SMA (spinal muscular atrophy) is a disease that robs people of physical strength by affecting the motor nerve cells in the spinal cord, taking away the ability to walk, eat, or breathe. It causes progressive weakness until the body simply cannot continue. SMA is the number one genetic cause of death for infants.
SMA is caused by a mutation in the survival motor neuron gene 1 (SMN1). In a healthy person, this gene produces a protein that is critical to the function of the nerves that control our muscles. Without it, those nerve cells cannot properly function and eventually die, leading to debilitating and often fatal muscle weakness.
SMA affects approximately 1 in 6000 babies, and about 1 in every 40 Americans is a genetic carrier. SMA can affect any race or gender.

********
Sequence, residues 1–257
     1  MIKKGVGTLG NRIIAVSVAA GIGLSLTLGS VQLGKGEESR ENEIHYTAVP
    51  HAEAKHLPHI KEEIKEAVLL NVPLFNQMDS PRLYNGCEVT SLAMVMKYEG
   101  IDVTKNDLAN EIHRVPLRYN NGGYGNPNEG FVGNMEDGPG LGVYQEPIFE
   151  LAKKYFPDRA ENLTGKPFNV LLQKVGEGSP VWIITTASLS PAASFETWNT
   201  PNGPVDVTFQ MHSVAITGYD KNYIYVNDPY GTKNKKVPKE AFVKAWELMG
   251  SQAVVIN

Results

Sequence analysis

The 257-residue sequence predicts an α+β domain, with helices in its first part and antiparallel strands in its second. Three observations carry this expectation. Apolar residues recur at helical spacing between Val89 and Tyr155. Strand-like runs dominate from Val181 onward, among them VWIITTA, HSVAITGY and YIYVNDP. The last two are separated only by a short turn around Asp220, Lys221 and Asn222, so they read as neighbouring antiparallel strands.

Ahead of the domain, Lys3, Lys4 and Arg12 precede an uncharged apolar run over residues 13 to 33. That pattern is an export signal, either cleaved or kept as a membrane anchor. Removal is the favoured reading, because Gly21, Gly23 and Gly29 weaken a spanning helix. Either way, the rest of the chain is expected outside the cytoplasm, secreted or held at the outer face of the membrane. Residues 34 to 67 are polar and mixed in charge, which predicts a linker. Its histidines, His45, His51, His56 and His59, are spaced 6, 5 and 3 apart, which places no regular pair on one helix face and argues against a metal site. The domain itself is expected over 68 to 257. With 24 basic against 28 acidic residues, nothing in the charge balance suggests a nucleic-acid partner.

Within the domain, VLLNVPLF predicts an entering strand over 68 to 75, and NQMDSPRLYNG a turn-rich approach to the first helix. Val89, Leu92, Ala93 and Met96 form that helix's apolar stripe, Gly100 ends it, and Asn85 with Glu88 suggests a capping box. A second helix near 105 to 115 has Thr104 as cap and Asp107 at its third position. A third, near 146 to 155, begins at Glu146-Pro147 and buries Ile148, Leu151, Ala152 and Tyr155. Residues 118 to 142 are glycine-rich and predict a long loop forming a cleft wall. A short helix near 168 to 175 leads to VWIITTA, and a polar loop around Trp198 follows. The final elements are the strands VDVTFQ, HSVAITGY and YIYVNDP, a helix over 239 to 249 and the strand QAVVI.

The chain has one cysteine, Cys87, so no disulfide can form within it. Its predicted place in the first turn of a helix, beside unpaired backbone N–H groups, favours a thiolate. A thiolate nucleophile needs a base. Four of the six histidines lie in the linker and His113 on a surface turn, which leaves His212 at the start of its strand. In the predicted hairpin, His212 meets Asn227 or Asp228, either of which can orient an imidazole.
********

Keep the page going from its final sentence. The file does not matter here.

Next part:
Individuals with SMA have difficulty performing the basic functions of life, like breathing and swallowing. However, SMA does not affect a person’s ability to think, learn, and build relationships with others.
It's a energizing time in the SMA community. On December 23, 2016, the FDA announced the approval of the first-ever therapy for SMA. Spinraza™ (nusinersen) is not only a treatment, it also addresses the underlying genetic cause of SMA. The approval from the FDA for all SMA — pediatric and adult — is the broadest possible label, with no restrictions.
However, while the scientific world now knows what causes SMA and what needs to be done to develop effective therapies, they have yet to develop a treatment that works for everybody. There are also issues with pricing and access to the Spinraza™ treatments. So our work is not done. We must continue to develop and deliver effective therapies that will change the course of SMA for everyone affected — from infants to adults — and eventually lead to a cure.